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PSYCHOSOCIAL DEVELOPMENT

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					                 PSYCHOSOCIAL
                 DEVELOPMENT


                   ERIK ERIKSON


Mauva McCarthy


 9/26/2011
            Erik Erikson: 1902 t0 1994
1. Born in Germany, an illegitimate child of
   Danish parents
2. This fact bothered him all his life
3. Dropped out of high school and spent time
   traveling in Europe and studying art



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4. Met Sigmund Freud and studied Psychoanalysis with
   Freud’s daughter, Anna Freud
5. Studied young people in different cultures
6. Became interested in how young people acquire a
   personal identity and how society helps shape it
7. Because his theory integrates personal, emotional and
   social development, it is often called psychosocial
   theory
8. Erikson is an ego-analyst – relationship between
   individual and the world or the self and the world
9. Completed his training at the time Hitler came to power
   and to escape the tension in Europe he went to the
   United States
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Erikson’s work is based on five assumptions:
1. People, in general have the same basic needs

2. Personal development occurs in response to these needs

3. Development proceeds in stages

4. Movement through the stages reflects changes in an
   individual’s motivation

5. Each stage is characterized by a psychosocial challenge
   that presents opportunities for development
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• Erikson described the time that an individual experiences a
psychological challenge as a crisis

• A positive resolution of a crisis means a favorable ratio of
positive to negative psychosocial traits emerges

• A negative resolution results in individuals seeing the
world as unpredictable and threatening




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•This does not mean that people who successfully resolve
the crisis never have negative thoughts or distrust another
person
• In general, they see the best in others and have a positive
orientation towards life




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                      Trust vs Mistrust:
            Infancy (Birth to approx. 1.5/2 Years)
The first stage of Erikson’s theory of psychosocial
development occurs between birth and one year of
age and is the most fundamental stage in life.2




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• Because an infant is utterly dependent, the
  development of trust is based on the dependability
  and quality of the child’s caregivers.
• If a child successfully develops trust, he or she will
  feel safe and secure in the world. Caregivers who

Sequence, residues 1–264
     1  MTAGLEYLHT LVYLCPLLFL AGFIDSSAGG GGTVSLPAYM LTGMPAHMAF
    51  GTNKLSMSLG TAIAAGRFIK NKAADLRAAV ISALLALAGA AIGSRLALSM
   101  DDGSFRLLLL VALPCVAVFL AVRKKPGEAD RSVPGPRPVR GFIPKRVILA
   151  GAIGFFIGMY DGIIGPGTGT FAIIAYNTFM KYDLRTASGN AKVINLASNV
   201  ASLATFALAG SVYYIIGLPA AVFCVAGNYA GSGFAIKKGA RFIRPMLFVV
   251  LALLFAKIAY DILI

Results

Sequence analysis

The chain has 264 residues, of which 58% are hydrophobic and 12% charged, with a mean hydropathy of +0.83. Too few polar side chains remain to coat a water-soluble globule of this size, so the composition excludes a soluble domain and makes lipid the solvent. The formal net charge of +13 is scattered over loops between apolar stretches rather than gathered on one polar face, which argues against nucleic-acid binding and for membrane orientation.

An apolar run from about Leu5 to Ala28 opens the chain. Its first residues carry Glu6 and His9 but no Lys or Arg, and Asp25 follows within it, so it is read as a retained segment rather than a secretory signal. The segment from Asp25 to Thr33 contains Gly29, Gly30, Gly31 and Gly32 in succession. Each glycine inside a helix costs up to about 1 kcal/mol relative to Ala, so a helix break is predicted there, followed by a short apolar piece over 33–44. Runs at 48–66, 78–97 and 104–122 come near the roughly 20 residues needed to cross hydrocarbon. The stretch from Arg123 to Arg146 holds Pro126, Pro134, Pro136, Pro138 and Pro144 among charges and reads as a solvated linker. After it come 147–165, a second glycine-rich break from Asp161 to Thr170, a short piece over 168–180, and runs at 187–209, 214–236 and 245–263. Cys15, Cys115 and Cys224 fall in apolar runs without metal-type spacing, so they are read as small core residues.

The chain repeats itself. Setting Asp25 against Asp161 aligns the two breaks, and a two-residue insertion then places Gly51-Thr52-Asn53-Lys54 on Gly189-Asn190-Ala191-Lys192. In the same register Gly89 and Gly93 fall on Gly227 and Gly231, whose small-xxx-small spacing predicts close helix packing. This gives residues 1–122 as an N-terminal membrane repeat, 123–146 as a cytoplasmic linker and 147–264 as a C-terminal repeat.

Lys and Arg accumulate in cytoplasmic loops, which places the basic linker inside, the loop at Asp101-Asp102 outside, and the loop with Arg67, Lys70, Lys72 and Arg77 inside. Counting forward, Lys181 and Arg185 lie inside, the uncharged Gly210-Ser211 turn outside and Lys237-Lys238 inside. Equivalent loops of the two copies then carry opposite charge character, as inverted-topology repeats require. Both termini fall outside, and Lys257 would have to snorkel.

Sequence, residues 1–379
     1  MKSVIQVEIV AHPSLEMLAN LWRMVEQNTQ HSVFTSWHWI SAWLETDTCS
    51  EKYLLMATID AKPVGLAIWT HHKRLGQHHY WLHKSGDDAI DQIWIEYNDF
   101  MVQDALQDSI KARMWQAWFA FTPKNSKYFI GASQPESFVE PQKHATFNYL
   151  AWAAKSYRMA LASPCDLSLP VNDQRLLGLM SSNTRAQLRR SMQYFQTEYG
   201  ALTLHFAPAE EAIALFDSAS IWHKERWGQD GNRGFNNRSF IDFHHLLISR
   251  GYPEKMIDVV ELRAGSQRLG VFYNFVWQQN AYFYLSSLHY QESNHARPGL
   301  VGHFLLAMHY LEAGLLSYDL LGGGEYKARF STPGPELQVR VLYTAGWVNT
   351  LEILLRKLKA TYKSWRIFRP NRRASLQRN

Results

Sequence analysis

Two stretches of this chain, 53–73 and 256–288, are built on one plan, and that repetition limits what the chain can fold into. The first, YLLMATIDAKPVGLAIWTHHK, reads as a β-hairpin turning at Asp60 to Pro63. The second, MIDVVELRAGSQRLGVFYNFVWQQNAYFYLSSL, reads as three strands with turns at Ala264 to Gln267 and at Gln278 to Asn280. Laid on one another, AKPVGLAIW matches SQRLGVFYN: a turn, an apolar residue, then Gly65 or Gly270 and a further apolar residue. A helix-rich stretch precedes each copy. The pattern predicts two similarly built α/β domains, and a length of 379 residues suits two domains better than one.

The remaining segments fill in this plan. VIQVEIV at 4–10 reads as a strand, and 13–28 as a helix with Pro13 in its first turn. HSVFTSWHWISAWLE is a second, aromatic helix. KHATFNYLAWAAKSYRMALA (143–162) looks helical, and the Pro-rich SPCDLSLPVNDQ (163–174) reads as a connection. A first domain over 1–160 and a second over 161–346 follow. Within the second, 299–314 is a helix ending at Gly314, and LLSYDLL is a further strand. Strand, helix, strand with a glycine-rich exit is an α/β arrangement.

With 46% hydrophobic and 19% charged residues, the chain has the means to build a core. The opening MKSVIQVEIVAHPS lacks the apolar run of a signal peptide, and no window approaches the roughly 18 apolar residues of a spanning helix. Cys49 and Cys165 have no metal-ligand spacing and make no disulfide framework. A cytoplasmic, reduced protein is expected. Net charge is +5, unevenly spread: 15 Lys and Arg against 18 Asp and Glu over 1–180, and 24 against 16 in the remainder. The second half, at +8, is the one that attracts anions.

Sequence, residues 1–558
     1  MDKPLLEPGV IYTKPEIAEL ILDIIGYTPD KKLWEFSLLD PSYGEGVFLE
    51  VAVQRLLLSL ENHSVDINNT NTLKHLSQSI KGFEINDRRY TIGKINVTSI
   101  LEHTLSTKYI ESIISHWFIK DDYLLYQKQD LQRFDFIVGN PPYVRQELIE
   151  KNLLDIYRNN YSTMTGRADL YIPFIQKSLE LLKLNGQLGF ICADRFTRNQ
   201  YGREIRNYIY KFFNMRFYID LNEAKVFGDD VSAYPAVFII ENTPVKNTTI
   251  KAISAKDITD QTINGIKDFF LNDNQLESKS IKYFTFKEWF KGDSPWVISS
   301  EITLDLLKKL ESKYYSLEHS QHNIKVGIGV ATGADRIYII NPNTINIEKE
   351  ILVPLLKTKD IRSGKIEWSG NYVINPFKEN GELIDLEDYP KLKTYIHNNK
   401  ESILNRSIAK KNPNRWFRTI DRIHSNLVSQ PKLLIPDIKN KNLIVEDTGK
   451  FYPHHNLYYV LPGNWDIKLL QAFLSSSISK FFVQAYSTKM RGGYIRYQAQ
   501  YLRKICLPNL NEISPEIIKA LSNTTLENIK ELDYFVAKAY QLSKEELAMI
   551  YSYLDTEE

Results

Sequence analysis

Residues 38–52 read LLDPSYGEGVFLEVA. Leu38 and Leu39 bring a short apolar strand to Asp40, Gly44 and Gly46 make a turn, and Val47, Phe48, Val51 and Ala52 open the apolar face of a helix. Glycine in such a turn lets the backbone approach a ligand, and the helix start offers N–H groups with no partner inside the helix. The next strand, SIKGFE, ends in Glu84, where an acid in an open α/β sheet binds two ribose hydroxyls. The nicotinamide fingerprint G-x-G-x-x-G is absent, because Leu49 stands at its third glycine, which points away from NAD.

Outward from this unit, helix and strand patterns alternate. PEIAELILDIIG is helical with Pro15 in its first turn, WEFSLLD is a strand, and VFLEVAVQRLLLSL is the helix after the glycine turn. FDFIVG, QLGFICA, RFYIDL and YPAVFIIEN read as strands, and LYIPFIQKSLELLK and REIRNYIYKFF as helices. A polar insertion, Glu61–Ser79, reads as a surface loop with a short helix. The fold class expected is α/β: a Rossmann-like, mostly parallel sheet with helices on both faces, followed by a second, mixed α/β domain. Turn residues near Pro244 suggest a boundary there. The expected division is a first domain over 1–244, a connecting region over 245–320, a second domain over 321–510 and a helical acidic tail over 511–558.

are inconsistent, emotionally unavailable, or
  rejecting contribute to feelings of mistrust in the
  children they care for. Failure to develop trust will
  result in fear and a belief that the world is
  inconsistent and unpredictable.

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 Autonomy vs Shame and Doubt:
 Early Childhood (1.5/2 - 3 Years)
Securely attached children next face the challenge of autonomy,
or doing things on their own




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1. Child learns to feed and dress themselves and toilet training
   begins
2. The key challenges the child faces during this stage relates to
   exerting independence
3. Like Freud, Erikson believed that toilet training was a vital
   part of this process. However, Erikson's reasoning was
   quite different then that of Freud's. Erikson believe that
   learning to control one’s body functions leads to a feeling
   of control and a sense of independence.
4. Other important events include gaining more control over
   food choices, toy preferences, and clothing selection.
5. Children who successfully complete this stage feel secure
   and confident, while those who do not are left with a sense
   of inadequacy and self-doubt.
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              Initiative vs Guilt:
            Preschool (3 - 5 Years)
• Initiative is characterized by an exploratory
  and investigative attitude that results from
  meeting and accepting challenges




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1. Preschool children encounter a widening social world, and
   a lot more challenges

2. Children are asked to assume responsibility for their
   bodies, their behaviour, their toys and their pets

3. Children make enormous cognitive leaps, and those
   developing abilities provide the impetus for exploration in
   all areas of their lives




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4. Children who are given the freedom to explore and
   experiment with adults who answer their questions tend
   to develop initiative

5. Those who are restricted and whose initiative is
   considered to be a problem tend to develop a sense of
   guilt about pursuing their interests

6. Children who are successful at this stage feel capable
   and able to lead others. Those who fail to acquire